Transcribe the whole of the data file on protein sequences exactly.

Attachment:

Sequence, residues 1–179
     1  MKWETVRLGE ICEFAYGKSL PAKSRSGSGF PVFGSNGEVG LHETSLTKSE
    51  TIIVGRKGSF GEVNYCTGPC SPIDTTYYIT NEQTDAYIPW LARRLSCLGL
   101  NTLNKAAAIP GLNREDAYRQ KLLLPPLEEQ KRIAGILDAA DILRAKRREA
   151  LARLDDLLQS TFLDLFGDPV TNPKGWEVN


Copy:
Sequence, residues 1–179
     1  MKWETVRLGE ICEFAYGKSL PAKSRSGSGF PVFGSNGEVG LHETSLTKSE
    51  TIIVGRKGSF GEVNYCTGPC SPIDTTYYIT NEQTDAYIPW LARRLSCLGL
   101  NTLNKAAAIP GLNREDAYRQ KLLLPPLEEQ KRIAGILDAA DILRAKRREA
   151  LARLDDLLQS TFLDLFGDPV TNPKGWEVN